Centaurea calcitrapa, Purple Starthistle

Gardens & Landscapes, Invasive Species, Extension Master Gardener December 15, 2015 Print Friendly and PDF

Invasive Species: Centaurea calcitrapa, Purple Starthistle

Purple starthistle is a biennial to perennial invasive plant. It grows 2 to 3 ft. (0.6 to 0.9 m) tall. The stems and leaves are covered with fine hairs. Lower and basal leaves are divided or deeply lobed. Leaves become less divided toward the apex of the plant. Flowering occurs from July to October, when purple to pink blooms develop at the ends of the stems. Floral bracts are tipped with 1 in. (2.5 cm) long, straw-colored spines. Fruit are achenes that are about 1/8 in. (2.5 to 3.5 mm) long; white or brown streaked; and smooth without a pappus. A native of southern Europe, purple starthistle produces prolific seeds and often invades floodplains, dry forests, and grasslands. This plant is common in many western states and may occasionally be found in some midwestern and mid-Atlantic states.

What are invasive species and why should we be concerned about them? 


Taxonomy: Scientific and Common Names for This Species

Asterales > Asteraceae > Centaurea calcitrapa L.

Synonym(s): red starthistle

Centaurea calcitrapa - USDA PLANTS Profile

Distribution Maps

Purple starthistle - The reported distribution of this invasive species across the United States. (Source: Invasive Plant Atlas of the United States)

Up-to-the-minute distribution maps and why they are important

Reporting This Invasive Species

What is the best way and place to report the occurrence of an invasive species? 

 How to report an invasive species sighting to EDDMapS - Early Detection & Distribution Mapping System

EDDMapS - Report an invasive species to EDDMapS

Cooperative Extension Offices - Find your local Cooperative Extension Office on this map provided by USDA

How to Identify

This invasive species can be identified by looking for the characteristics described in the paragraphs that follow.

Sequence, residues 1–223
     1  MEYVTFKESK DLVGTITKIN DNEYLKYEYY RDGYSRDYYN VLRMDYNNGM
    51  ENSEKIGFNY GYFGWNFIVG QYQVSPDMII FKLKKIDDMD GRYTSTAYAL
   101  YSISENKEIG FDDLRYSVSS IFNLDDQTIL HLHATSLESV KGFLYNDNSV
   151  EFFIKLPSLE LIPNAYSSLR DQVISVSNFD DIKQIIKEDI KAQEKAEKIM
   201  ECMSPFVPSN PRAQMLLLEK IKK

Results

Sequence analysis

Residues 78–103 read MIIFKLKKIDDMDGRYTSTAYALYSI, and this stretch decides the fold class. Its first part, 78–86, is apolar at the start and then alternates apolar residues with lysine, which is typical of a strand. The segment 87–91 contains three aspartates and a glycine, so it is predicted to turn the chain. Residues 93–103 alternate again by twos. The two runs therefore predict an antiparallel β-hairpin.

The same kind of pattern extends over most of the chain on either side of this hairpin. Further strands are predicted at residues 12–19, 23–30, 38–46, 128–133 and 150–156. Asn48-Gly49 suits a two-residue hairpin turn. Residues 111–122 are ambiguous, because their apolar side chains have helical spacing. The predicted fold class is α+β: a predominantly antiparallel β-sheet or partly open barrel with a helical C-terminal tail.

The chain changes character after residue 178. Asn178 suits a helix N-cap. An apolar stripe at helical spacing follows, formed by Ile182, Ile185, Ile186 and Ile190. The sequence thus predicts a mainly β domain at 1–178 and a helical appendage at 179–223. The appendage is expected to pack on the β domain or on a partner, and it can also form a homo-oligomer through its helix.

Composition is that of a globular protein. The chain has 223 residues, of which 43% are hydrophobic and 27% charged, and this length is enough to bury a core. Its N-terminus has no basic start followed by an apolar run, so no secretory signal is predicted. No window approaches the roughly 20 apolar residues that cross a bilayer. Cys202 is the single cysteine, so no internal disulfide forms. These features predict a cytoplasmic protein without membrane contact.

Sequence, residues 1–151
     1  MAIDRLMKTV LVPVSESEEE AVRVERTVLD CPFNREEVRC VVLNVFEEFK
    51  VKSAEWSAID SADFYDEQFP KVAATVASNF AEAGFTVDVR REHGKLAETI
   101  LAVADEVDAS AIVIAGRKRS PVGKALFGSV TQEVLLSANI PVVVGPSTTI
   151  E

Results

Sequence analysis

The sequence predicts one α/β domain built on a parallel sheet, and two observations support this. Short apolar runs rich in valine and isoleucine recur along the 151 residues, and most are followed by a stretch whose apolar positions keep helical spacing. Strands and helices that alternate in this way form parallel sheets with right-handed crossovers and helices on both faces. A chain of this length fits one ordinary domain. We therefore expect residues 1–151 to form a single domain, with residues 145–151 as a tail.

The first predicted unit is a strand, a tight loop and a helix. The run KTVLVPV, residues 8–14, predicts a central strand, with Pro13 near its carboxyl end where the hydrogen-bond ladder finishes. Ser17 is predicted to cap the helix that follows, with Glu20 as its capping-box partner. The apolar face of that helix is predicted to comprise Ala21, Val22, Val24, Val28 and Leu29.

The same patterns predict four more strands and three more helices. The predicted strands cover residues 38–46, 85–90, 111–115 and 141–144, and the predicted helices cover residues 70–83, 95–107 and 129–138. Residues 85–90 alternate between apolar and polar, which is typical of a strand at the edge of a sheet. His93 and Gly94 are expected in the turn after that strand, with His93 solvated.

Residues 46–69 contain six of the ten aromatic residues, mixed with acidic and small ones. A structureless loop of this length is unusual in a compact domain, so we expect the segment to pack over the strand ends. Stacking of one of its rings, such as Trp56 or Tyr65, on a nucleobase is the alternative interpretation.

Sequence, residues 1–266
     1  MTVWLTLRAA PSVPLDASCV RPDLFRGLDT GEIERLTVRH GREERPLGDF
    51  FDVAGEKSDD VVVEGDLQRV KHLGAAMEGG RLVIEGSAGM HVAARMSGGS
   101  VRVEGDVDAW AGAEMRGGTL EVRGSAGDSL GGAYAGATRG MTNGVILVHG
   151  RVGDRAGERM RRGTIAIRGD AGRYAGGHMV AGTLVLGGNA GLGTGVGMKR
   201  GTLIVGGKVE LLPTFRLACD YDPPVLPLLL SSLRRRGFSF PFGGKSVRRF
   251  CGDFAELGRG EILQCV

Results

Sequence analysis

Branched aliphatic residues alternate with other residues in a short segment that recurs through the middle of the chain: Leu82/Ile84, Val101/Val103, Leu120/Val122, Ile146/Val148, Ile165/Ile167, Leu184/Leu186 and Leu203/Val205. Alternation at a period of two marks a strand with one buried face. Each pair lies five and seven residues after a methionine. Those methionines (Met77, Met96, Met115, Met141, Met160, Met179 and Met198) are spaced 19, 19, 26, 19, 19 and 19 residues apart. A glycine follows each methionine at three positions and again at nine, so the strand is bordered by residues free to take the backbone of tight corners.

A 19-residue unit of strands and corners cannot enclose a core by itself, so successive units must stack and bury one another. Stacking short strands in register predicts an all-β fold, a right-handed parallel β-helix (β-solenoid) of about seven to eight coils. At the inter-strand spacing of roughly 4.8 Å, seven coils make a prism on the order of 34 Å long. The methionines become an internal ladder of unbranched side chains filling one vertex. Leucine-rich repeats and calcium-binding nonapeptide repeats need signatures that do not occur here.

Plant

Purple starthistle is a biennial to invasive perennial plant that grows 2 to 3 ft. (0.6 to 0.9 m) tall. The stems are covered with fine hairs.

purple starthistle purple starthistle
Barry Rice, sarracenia.com, bugwood.org Malcolm Storey, BioImages - Virtual Field-Guide, bugwood.org

Foliage

Lower and basal leaves are divided or deeply lobed. Leaves become less divided toward the apex of the plant. The leaves are covered with fine hairs.

purple starthistle purple starthistle
Malcolm Storey, BioImages - Virtual Field-Guide, bugwood.org Steve Dewey, Utah State University, bugwood.org

Flower

Flowering occurs from July to October, when purple to pink blooms develop at the ends of the stems. Floral bracts are tipped with 1 in. (2.5 cm) long, straw-colored spines. 

purple starthistle purple starthistle
Barry Rice, sarracenia.com, bugwood.org Joseph M. DiTomaso, University of California - Davis, bugwood.org

Fruit

Fruit are achenes that are about 1/8 in. (2.5-3.5 mm) long; white or brown streaked; and smooth without a pappus.

purple starthistle purple starthistle
Barry Rice, sarracenia.com, bugwood.org D. Walters and C. Southwick, CPHST, bugwood.org

Native Centaurea Species That Resemble Purple Starthistle

 

Centaurea americana, American star-thistle - Images at invasive.org

American star-thistle (Centaurea americana) American star-thistle (Centaurea americana)
Karan A. Rawlins, University of Georgia,  bugwood.org Karan A. Rawlins, University of Georgia,  bugwood.org

 

Vernonia gigantea, tall ironweed - Images at invasive.org

tall ironweed tall ironweed

Bruce Ackley, The Ohio State University,
bugwood.org

Bruce Ackley, The Ohio State University,
bugwood.org

 

Additional Images for Purple Starthistle

Purple starthistle - Images at Invasive.org

 

Learning Resources for Purple Starthistle

 

Additional Information, Biology, Control and Management Resources

Control and management recommendations vary according to individual circumstances. Location, habitat, weather, and a variety of other conditions are factors that help determine the best treatment choice. To find the safest and most effective treatment for your situation, consult your state's land-grant institution. If you will use chemicals as part of the control process, always refer to the product label.

Unied States Land-Grant University System - Find your land-grant university's College of Agriculture, Cooperative Extension Service, or other related partner on this map provided by USDA.

Plant Profiles - Cal-IPC

Noxious Weeds - King County

Invasive Plant Management - Cal-IPC

Noxious Weed Control - ODA Plant Division

Invasive.org - Center for Invasive Species and Ecosystem Health

Jepson Herbarium - University of California


 

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This work is supported by the USDA National Institute of Food and Agriculture, New Technologies for Ag Extension project.